Another game with a pretty interesting history behind it, Red Sea Crossing is an Atari 2600 title that many probably haven’t heard of. The game was created in 1983 and was sold through a local religious magazine, though not many copies were moved.

A copy of the game was auctioned off for a cool $10,000 back in 2012, after the seller discovered the game at a local garage sale. After doing some research, the game was put up for auction. The rest is history.

7 Air Raid - $3000

Released in 1982 by studio Men-A-Vision, Air raid is a pretty typical looking shoot ‘em up title that looks to be a copy paste of similar games from its era. Though there’s nothing unique about it gameplay wise, it stands out for other reasons.

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The cartridge alone – a blue T-handle design – is already pretty noteworthy. The game’s distribution was limited, making it a rarity. It’s no surprise that the game sold for as much as it did.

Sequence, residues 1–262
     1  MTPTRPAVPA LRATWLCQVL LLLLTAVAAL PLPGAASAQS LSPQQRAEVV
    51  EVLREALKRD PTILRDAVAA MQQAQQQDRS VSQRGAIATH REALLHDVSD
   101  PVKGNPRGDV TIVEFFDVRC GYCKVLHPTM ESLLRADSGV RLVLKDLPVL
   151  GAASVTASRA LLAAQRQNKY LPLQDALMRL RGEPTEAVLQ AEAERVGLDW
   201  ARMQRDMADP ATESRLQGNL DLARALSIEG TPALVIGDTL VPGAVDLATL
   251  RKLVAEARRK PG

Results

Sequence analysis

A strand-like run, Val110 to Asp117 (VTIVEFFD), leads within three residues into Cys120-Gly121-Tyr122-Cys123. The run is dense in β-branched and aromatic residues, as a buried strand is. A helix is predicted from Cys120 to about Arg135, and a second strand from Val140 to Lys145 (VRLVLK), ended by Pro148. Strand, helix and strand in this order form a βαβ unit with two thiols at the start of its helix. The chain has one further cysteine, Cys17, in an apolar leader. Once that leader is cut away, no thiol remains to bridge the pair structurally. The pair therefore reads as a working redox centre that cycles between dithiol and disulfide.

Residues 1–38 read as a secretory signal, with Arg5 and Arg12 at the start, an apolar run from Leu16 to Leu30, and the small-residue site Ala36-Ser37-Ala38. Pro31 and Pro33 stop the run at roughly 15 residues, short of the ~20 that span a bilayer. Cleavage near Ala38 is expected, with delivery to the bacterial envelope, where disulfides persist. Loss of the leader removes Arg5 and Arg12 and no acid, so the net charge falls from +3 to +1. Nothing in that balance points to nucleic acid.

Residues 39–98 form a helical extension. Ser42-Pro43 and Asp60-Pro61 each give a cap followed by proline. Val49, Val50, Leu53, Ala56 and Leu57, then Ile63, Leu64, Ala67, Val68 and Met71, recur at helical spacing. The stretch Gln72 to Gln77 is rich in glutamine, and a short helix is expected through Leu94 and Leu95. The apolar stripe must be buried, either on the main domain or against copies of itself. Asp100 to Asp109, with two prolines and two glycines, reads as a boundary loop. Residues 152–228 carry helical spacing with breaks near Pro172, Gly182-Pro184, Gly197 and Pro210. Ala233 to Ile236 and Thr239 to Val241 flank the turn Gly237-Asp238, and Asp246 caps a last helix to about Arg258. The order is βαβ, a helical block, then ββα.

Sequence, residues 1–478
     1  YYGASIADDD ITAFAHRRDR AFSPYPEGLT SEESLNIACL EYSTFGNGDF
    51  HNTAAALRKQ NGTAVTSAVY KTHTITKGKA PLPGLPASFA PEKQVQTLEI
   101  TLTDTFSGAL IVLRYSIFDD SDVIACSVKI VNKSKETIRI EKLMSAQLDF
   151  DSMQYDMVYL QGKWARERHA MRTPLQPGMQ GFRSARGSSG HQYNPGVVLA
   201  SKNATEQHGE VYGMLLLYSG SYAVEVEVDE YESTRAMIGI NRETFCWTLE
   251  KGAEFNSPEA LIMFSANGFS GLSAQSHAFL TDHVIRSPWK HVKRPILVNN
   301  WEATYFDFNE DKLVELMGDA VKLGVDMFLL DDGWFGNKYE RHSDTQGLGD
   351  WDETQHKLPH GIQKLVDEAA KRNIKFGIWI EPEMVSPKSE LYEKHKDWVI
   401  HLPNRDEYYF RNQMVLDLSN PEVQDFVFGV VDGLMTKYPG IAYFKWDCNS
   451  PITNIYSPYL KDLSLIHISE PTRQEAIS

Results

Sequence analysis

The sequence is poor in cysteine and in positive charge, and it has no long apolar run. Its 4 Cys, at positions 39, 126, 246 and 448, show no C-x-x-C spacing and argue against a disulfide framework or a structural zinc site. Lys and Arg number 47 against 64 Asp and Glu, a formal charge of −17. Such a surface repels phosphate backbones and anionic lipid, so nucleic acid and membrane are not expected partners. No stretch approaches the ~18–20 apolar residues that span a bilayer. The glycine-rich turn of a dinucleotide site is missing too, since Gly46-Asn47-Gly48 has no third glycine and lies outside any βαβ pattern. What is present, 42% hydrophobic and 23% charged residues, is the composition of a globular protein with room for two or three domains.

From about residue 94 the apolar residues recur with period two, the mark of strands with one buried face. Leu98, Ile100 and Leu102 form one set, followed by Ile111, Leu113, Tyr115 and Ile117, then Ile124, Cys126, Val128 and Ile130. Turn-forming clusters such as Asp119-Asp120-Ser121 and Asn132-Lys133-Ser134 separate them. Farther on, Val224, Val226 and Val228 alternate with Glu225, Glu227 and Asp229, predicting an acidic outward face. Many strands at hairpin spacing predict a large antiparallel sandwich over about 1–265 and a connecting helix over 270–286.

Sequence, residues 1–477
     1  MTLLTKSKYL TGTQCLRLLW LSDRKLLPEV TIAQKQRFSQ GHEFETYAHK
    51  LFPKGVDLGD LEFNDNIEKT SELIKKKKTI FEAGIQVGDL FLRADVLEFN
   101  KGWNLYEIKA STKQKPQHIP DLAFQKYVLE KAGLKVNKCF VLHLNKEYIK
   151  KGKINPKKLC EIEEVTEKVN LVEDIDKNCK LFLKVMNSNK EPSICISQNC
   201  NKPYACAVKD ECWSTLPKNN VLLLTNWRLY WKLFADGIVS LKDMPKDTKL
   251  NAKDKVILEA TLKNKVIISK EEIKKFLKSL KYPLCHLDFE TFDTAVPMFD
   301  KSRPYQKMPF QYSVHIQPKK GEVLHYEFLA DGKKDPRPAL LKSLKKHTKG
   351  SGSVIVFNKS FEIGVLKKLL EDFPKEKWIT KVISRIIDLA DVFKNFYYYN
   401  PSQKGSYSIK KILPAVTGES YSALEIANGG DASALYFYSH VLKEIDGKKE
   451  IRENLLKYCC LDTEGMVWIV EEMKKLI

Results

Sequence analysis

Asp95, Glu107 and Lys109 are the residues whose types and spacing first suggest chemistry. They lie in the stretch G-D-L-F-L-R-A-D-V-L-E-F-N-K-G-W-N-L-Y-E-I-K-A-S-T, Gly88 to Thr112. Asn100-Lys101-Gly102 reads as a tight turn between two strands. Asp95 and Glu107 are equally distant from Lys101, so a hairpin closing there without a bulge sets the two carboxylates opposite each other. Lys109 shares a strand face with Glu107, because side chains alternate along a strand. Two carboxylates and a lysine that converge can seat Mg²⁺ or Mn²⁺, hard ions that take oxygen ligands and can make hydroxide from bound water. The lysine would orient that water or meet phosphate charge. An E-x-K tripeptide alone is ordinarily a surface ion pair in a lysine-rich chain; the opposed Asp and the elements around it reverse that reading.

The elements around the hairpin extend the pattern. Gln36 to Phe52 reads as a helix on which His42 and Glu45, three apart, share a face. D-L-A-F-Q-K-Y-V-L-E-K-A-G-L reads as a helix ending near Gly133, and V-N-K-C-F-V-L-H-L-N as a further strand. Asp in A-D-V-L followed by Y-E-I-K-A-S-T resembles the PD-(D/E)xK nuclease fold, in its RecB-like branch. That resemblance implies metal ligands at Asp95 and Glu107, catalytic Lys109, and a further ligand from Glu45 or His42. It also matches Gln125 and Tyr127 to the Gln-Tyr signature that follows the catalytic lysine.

6 Super Copa - $225

Not often do you find an alternate version of a game demanding so much money years later. Ut that’s what ended up happening with Super Copa, the Latin American version of Tony Meola's Sidekicks Soccer. Released in 1993, Super Copa isn’t all that noteworthy of a game. which makes you wonder why it spiked in value so much over the years.

Depending on the condition, the game can be worth a pretty decent amount of money. Of course, with games this old the typical condition you’re going to see a copy in used and loose – but even at that it’s still worth a lot.

5 LSD: Dream Emulator -$350

One of the comparatively “newer” titles covered thus far, LSD: Dream Emulator is probably the strangest game you’ll read about all day. You don’t have to look too hard, any screenshots of this 1998 Japan exclusive title will tell you all you need to know.

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The game was marketed as an exploration game and resembled what walking simulators are today. The game didn’t sell very well, and while it was rereleased on the Japanese PSN in 2010, physical copies still command a pretty high price.